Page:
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    Well... we may not be able to do a job economically(or timely) but at least we will be safe!!!! ;)
     
    Last edited: Dec 20, 2014
  7. tootalltimmy

    tootalltimmy Senior Member

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    I was working for an excavation company as an operator/laborer. Small job was to dig out gravel from a large recreation center pool construction. They had miscalculated the final grade on the deep end of the pool.. We had to lower the grade by 6 inches. Everything was framed in and no way to use a bobcat. We had to load up 5 gallon pails, attach to a rope and hoist the pails up 10 feet by hand and then dump.

    Pails probably weighed 75 lbs and were hoisted over people's heads.
    Plastic handles on the pails liked to come off. Sounds a little redneck doesn't it?

    My problem with this was I had to go through a 2 hour safety orientation before doing a very unsafe redneck job for 4 hours.. The paperwork was more important than the actual work we did. It is all about the paperwork!
     
    Last edited: Dec 21, 2014
  8. Ronsii

    Ronsii Senior Member

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    Usually when we're doing jobs like the one you mention with using 5 gallon pails we either wrap duct tape around where the metal handle goes into the plastic or tie the line around the bucket and up to the handle instead of just to the handle, the latter method makes it easy to keep the handle out of the way when filling the bucket. But like many have said... the paperwork is more important than the actual job anymore, a sad state of affairs in deed.
     
  9. RBMcCloskey

    RBMcCloskey Senior Member

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    While I fully support a safe work environment and safe operations at all times, I am watching "safety" become the next bureaucratic self defeating monster, it is very quickly becoming about the process not results, have you filled out the correct plan and get you work permit signed.

    Congratulations, instead of getting the employees to buy into it by using common sense, the "Safety Nazi's" decree and they must be obeyed, with the eventual bulling behavior of grade school hall monitors.

    Remember, when you are a hammer, everything looks like a nail.
     
  10. Moonlite

    Moonlite Senior Member

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    I was told one time for safety reasons with all the equipment around i could not pull my truck up by a machine that was down. Told safety guy well then they better bring machine to me cause if it was to dangerous to pull my truck there i dang sure didnt want to be walking around there either. I ended up having to come back the next day as they would not be working in that area then.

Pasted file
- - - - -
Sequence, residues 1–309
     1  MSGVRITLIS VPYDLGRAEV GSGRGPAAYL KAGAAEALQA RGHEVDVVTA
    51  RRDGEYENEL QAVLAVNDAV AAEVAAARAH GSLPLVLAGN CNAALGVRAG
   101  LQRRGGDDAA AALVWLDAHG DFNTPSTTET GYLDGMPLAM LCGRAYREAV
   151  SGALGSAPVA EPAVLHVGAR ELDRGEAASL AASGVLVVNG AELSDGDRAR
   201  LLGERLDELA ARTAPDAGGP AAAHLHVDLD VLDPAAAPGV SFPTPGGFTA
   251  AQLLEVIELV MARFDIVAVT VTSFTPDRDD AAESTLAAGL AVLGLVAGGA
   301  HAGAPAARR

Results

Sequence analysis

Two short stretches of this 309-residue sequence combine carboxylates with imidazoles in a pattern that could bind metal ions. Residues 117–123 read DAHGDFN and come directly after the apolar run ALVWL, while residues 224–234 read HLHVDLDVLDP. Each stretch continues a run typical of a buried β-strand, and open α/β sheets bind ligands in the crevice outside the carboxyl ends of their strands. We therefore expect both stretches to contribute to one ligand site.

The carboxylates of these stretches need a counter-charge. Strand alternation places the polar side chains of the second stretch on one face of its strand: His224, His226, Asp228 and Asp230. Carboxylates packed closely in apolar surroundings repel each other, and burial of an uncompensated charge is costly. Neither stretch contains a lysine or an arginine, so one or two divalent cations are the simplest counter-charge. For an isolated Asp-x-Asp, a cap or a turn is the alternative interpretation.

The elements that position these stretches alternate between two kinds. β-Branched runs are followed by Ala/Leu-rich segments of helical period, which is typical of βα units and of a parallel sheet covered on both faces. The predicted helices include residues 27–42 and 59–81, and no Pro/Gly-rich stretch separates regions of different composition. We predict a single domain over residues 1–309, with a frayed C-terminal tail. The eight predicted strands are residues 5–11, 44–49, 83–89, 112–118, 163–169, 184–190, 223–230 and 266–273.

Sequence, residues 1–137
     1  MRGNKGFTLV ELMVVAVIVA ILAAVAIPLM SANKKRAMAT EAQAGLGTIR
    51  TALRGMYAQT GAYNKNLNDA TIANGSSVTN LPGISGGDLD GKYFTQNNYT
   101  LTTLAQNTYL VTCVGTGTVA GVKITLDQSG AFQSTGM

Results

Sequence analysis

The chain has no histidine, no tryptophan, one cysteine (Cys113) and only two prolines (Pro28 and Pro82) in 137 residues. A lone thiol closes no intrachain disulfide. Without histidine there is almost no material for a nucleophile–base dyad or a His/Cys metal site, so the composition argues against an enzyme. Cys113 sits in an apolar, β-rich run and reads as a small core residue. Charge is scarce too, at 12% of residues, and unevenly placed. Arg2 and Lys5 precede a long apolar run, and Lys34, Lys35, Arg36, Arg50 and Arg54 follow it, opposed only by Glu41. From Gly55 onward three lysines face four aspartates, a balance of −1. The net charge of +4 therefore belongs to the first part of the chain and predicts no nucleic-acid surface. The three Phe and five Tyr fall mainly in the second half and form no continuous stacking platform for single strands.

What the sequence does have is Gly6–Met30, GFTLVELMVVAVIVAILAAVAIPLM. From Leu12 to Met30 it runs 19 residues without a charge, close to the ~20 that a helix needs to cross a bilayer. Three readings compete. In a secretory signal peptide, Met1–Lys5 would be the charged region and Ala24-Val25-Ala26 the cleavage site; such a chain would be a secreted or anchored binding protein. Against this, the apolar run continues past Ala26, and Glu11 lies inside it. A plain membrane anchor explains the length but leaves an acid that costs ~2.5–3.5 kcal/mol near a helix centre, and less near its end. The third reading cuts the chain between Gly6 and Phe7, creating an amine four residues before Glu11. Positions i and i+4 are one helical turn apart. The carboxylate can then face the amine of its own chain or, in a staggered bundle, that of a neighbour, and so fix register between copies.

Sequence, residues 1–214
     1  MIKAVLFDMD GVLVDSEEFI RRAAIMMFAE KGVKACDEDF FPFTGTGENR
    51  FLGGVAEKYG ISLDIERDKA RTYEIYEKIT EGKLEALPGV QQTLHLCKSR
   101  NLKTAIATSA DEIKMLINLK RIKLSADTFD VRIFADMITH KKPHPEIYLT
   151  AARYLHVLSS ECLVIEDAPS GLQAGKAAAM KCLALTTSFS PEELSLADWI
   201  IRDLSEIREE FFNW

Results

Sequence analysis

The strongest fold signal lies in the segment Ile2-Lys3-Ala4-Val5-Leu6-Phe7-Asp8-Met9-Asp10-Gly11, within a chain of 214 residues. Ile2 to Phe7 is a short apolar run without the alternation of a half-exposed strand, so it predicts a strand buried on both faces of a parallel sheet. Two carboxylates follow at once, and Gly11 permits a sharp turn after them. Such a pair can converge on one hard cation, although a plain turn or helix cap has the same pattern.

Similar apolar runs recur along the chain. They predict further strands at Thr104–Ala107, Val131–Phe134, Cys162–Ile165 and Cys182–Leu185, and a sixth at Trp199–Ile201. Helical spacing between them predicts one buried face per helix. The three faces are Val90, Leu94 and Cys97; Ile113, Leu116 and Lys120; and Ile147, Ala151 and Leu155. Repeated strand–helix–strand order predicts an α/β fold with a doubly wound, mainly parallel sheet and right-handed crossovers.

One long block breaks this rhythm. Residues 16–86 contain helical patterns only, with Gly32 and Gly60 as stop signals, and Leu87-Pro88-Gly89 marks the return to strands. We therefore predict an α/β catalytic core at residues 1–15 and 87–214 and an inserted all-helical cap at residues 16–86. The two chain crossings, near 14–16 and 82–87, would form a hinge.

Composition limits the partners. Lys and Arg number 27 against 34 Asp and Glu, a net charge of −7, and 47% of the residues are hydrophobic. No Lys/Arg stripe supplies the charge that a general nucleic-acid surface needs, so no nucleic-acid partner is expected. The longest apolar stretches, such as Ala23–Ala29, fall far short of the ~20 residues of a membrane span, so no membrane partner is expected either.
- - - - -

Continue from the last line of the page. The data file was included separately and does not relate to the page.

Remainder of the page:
11. Shimmy1

    Shimmy1 Senior Member

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    We can blame all this safety male bovine feces on what our society has become. Too many useless, lazy, looking for a way out a-holes just itching to grab a lawyer and hope to retire on someone else's dime.
     
  12. JDOFMEMI

    JDOFMEMI Senior Member

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    Well said Shimmy1:iagree
     
  13. CM1995

    CM1995 Super Moderator

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    Yep - tort and general reform of the civil litigation segment of our court system would go a long way.
     
  14. kshansen

    kshansen Senior Member

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    That combined with management/owners of companies who had no regard for the safety of workers. How many miners or construction workers have been killed or seriously injured due the the lack of proper ventilation or something like inoperative brakes?

    Not that long ago I heard an employee at a quarry who was running a crane and when he told the boss he needed to relocate crane to make a pick was told to do it where he was or he could find someone who knew how to run the crane. Crane operator tried moving the load, boom bent, boss fired him for damaging the crane. Yes crane operator should have refused to try the pick but sometimes a guy needs his job to pay bills and will let that override what he knows is a safe act. Luck in this case only equipment suffered any damage, but easily could have been a multiple fatality and boss man would have put 100% of the blame on the harassed operator!

    Many of the safety rules were written with the blood of those workers who were killed!
     
  15. mitch504

    mitch504 Senior Member

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    It's like unions or anything else, starts as a good response to a need, then...

    The pendulum swings.